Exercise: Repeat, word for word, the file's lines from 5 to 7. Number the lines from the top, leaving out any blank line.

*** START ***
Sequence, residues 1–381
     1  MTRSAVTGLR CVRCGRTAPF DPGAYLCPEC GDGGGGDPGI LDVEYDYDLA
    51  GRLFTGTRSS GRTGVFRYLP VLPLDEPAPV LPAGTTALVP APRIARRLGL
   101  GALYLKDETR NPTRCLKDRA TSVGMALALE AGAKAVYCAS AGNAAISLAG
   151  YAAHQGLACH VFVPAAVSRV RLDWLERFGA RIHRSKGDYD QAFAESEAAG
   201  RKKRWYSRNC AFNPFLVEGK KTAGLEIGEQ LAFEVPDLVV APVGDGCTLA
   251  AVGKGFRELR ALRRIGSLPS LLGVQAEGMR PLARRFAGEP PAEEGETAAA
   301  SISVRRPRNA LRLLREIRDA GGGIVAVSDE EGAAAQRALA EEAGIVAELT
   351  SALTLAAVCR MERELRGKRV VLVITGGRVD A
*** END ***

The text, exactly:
   151  YAAHQGLACH VFVPAAVSRV RLDWLERFGA RIHRSKGDYD QAFAESEAAG
   201  RKKRWYSRNC AFNPFLVEGK KTAGLEIGEQ LAFEVPDLVV APVGDGCTLA
   251  AVGKGFRELR ALRRIGSLPS LLGVQAEGMR PLARRFAGEP PAEEGETAAA